Reinsuring an insurance policy

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Comes with one PDF document (26 pages), one unsolved Excel spreadsheet (Reinsuring an Insurance Policy unsolved .xlsx), one solved Excel spreadsheet (Reinsuring an Insurance Policy Solved.xlsx) and 8 videos with 32′ 09″ of training.



When an insurance company decides to reinsure portions of its risk portfolios it transfers to other parties by some form of agreement to reduce the likelihood of having to pay a large obligation resulting from an insurance claim.  In this contract, the party that diversifies its insurance portfolio is known as the ceding party. On the other hand, the party that accepts a portion of the potential obligation in exchange for a share of the insurance premium is known as the reinsurer.

A ceding insurance company decides to limit its unexpected losses by acquiring a policy with a reinsurer.  This is also called a stop-loss contract. Depending on the claims conditions of the ceding insurer’s policy and the conditions offered by the reinsurer, the cost of the reinsurance contract and the limitation of unexpected losses may or may not be convenient for the company. With @RISK it is possible to determine both probabilistic magnitudes. This case consists of the application of annual aggregate deductibles in which the reinsurer’s participation begins when the sum of the claims presented by the customer exceeds a certain amount.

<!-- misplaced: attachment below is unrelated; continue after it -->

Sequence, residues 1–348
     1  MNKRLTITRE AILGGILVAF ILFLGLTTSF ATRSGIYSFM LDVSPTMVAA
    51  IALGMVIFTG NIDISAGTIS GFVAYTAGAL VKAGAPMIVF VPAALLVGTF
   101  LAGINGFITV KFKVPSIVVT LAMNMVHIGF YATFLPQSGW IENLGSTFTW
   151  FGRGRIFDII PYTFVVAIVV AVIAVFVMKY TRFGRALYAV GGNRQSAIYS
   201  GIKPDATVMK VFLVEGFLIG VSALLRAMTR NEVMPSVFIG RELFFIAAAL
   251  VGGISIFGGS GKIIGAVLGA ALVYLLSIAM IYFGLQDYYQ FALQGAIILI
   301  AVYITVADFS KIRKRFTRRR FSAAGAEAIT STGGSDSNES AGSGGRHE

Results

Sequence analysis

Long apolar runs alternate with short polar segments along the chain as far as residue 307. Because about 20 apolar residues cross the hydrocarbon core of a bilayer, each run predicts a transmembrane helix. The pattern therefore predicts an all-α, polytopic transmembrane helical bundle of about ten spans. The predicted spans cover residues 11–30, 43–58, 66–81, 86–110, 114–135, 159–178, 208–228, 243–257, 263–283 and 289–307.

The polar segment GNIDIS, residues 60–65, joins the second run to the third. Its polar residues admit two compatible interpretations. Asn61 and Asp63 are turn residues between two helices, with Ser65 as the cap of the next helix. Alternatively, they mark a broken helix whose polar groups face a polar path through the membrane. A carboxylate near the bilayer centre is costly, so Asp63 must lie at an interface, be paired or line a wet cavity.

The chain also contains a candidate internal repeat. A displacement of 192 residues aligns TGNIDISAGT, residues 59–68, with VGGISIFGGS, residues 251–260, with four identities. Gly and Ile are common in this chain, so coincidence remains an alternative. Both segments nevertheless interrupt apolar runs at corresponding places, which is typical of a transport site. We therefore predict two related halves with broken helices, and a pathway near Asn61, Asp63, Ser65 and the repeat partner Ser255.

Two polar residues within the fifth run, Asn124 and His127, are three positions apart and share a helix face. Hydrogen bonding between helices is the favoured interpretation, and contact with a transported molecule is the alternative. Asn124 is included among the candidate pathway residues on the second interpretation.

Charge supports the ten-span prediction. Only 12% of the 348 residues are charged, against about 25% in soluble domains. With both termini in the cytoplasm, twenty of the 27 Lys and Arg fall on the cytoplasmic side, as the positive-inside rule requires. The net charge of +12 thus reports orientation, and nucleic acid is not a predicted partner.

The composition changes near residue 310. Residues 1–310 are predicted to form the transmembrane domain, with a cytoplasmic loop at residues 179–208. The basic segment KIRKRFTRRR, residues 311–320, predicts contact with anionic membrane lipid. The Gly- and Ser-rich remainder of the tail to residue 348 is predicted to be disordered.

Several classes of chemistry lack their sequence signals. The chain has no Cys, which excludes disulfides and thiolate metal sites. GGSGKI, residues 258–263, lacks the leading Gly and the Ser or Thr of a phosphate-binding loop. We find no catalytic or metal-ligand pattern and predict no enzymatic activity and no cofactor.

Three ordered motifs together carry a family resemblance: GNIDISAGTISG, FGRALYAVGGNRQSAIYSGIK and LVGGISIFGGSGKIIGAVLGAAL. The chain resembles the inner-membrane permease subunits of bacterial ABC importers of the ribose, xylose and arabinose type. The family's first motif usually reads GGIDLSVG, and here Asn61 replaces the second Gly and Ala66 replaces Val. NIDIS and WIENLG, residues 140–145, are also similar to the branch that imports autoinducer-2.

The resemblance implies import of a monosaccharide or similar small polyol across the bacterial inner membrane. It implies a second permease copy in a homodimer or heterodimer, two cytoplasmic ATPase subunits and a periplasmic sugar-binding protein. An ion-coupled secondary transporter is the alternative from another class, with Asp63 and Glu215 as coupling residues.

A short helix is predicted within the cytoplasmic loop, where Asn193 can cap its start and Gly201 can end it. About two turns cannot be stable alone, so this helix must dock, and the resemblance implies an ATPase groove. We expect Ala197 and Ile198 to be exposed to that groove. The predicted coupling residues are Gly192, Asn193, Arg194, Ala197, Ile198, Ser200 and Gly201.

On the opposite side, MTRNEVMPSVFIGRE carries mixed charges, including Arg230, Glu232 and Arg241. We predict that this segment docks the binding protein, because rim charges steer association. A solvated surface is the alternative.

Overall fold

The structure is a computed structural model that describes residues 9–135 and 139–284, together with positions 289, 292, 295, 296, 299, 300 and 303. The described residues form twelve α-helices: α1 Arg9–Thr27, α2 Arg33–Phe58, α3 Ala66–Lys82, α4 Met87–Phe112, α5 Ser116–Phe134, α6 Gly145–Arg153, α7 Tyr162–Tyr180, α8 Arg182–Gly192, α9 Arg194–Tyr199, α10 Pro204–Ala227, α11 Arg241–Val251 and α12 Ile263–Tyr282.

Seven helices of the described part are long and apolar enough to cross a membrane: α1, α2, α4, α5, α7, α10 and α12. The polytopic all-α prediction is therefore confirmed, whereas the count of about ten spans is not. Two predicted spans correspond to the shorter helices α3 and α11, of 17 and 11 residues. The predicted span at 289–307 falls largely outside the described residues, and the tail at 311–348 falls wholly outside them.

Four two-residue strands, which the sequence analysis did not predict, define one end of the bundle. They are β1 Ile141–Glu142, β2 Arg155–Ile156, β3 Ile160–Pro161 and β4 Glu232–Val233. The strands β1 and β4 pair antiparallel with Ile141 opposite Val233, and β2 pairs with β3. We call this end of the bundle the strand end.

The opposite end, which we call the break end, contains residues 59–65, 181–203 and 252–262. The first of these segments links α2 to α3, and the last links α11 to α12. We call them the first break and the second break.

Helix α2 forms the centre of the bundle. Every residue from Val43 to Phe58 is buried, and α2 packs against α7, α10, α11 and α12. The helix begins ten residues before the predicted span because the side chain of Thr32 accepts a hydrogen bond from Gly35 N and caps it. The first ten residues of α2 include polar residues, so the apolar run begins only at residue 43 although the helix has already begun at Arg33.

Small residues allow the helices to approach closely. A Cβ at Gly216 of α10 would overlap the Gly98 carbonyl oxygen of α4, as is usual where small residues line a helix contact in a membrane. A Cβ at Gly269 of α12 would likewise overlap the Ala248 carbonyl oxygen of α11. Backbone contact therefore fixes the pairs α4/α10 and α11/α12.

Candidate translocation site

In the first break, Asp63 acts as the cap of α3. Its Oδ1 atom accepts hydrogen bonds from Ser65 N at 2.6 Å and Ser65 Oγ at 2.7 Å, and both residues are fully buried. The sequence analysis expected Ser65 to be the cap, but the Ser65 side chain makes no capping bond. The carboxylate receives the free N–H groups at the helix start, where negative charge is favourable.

We will use a frequency-severity model to help calculate the profit & loss statement that will let the insurer make a decision. A frequency-severity model is an actuarial method for determining the expected number of claims that an insurer will receive during a given time period, and how much the average claim will cost.

This type of method uses historical data to estimate the average number of claims and the cost of each claim. The simplified version of the method multiplies the average number of claims by the average cost of a claim.  We will demonstrate, however, that just the simple multiplication of the frequency component times the severity component will be just a rough approximation to the actual inherent risk at hand.  A convolution will come in handy to solve for this weakness as we will show.

Assume the following with respect to this policy. Historic data on accidents being reported for claims are detailed for the past years on the Accidents tab.   The average monthly premium charged per client is of $75 with a standard deviation of $5. Every month, new customers come in and some exit, leaving a constant average number of monthly customers at 2,200 with a 5% coefficient of variation.  A $400 deductible is considered on accidents being claimed.  The deductible is basically the amount “deducted” from an insured loss.

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Fernando Hernandez


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